There are three main types of Stakeholders to consider in business, they are: Internal, Connected and External Stakeholders, examples of each are listed below:

Internal Stakeholders

The Management and Employees have a large affect on the day to day running of operations. In order for the running of the organisation to go smoothly though it is vital for both parties to ascertain a good 2-way relationship with one another, both have needs and therefore a happy workplace amasses to a successful partnership. Requirements from both involved are as followed:

Management & Employee Needs Company Needs

? Security
? Development
? Good Salaries/Rates of pay
? Job Satisfaction
? Nice working environment
? Productivity
? Loyalty
? Commitment
? Trustworthy
? Reliable

Should the above not be provided, morale and enthusiasm for a role can be lost, resulting in de-motivation, which can have a profound effect on the business such as: poor attendance, low standard of work, poor customer – relations (which could lead to loss of business), high turnover of staff and media leakage leading to bad press and reputation. Staff simply need to know that they are valued within the company and it??™s the small recognitions and investments that go a long way.
As well as providing good salaries and a sound-working environment for their staff, Cadburys provide other incentives for them to ensure they feel valued and motivated enough to give their employers their best, they include:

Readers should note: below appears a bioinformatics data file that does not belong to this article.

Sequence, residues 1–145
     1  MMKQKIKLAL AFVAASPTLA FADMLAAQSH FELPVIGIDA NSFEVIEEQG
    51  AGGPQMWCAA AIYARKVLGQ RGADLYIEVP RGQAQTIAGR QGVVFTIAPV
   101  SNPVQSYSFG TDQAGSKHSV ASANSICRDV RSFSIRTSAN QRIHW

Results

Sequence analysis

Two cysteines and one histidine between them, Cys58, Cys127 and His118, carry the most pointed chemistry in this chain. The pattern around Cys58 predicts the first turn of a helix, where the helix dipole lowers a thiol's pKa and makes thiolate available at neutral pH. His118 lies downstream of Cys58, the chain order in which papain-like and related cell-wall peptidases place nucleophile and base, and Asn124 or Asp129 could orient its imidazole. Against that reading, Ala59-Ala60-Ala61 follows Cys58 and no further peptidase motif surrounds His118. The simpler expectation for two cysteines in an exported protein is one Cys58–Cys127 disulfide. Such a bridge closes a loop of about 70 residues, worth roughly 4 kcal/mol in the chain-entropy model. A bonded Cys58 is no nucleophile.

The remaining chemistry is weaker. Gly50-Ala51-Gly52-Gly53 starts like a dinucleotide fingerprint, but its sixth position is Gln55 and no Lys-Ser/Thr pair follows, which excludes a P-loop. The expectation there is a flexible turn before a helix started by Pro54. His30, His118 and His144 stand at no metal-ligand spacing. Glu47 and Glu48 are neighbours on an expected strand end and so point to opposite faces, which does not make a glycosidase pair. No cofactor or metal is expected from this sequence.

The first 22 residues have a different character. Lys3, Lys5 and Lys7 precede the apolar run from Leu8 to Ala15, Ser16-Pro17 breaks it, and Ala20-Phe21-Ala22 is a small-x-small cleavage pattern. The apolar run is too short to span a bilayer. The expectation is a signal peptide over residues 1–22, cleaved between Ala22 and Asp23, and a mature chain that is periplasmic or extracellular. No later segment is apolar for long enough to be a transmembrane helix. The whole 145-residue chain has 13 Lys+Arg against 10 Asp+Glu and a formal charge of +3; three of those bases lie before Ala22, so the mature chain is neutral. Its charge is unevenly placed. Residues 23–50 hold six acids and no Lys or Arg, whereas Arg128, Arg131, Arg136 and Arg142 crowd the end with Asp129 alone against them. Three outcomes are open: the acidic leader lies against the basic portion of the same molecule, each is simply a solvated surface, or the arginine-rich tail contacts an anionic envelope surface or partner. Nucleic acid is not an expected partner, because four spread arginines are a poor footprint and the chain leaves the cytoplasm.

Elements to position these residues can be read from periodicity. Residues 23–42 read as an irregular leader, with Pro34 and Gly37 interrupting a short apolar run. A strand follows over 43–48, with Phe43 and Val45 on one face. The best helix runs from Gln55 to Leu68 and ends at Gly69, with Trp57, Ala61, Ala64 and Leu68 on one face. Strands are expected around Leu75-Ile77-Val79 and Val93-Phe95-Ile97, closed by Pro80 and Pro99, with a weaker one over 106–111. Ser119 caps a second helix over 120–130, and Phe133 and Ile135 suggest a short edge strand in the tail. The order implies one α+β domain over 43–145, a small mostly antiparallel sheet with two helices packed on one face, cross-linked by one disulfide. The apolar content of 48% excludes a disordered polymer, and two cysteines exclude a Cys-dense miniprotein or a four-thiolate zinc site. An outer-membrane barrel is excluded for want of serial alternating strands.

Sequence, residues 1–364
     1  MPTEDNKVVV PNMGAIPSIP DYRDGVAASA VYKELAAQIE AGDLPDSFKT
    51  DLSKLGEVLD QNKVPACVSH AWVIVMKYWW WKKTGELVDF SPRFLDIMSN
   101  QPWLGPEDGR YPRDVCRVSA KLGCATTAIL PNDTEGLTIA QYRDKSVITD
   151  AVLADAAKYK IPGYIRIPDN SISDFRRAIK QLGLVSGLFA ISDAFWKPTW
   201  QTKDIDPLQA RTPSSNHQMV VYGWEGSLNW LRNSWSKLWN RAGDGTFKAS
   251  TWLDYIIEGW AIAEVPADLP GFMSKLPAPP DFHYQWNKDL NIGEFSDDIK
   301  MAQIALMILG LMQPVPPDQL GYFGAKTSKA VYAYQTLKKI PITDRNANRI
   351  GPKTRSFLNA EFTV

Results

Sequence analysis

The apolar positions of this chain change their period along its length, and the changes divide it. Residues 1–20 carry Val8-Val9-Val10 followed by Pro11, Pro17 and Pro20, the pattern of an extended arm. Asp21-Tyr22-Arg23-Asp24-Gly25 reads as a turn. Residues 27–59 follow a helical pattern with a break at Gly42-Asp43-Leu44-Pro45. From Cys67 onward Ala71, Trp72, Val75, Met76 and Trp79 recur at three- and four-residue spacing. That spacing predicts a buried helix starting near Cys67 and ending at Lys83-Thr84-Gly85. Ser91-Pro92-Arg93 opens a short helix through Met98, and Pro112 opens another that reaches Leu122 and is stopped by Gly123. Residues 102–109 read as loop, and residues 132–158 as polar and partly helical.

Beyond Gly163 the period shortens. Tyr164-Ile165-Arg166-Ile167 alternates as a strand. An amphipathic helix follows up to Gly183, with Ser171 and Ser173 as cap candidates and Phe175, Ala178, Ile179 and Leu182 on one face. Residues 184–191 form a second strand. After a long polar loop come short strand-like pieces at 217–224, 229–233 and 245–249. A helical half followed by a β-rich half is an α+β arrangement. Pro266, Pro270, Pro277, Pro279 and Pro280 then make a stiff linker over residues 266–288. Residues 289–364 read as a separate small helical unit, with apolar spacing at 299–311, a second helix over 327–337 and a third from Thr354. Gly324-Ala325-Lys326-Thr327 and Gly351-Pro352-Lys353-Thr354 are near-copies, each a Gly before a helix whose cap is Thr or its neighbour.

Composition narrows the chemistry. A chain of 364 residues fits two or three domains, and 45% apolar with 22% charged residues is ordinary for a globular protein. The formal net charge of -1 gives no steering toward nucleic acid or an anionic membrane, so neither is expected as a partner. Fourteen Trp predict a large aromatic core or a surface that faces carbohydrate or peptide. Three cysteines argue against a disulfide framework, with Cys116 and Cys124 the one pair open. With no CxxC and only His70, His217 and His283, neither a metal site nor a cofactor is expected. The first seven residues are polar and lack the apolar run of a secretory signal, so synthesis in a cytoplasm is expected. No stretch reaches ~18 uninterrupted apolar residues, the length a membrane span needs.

? Internal & External Training Courses
? An ???Open Door??™ Learning Centre
? Personal Development Plans
? Yearly Objectives
? Performance Reviews (i.e. Appraisals)
? Welfare Benefits
? Opportunities Overseas

Connected Stakeholders

There are four categories of Connected Stakeholders, all of which can have a large impact on the business thus a two way relationship is required once more as both the Company and the Stakeholder need each other in order to be successful. (See Appendix 1 for breakdown of Connected Stakeholders).

External Stakeholders

An External Stakeholder, though not as obvious as the others can still have a profound effect on a company. (See Appendix 2 for breakdown of External Stakeholders).

Other External Stakeholders include Financial Analysts and the Central and Local Governments.

There is a downside with Stakeholders though, that being sometimes not everybody can be kept happy, causing a conflict of interests. In order to try and keep a level balance a company needs to prioritise the worst possible outcomes with the least and try to adhere to the key needs but to also -understand the less damaging needs from Stakeholders too. An example would be The Environmental Groups want less packaging but the Suppliers don??™t want you to buy less of their materials for packaging so in the long run one loses out but the good press from Cadburys being more eco friendly outweighs the bad.

The Marketplace

Cadburys belong to the Confectionery Market, a large industry and is the world??™s fourth largest packaged food market. 5 confectionery companies between them, including Cadburys account for 40% of the market share. The other proportion of the market has a number of companies that operate on a regional or local basis whereas Cadburys operate on a multi-national, national and regional basis.
For Chocolate, Cadburys are among the top 3 suppliers in the world alongside MarsWrigley and Nestle; they the 2nd top supplier of Gum and are Number one supplier of Candy. Cadburys have the number one and number two confectionery market positions in 20 of the world??™s 50 largest confectionery markets by retail sales value. These markets accounted for near three quarters of the revenue for Cadburys in 2007.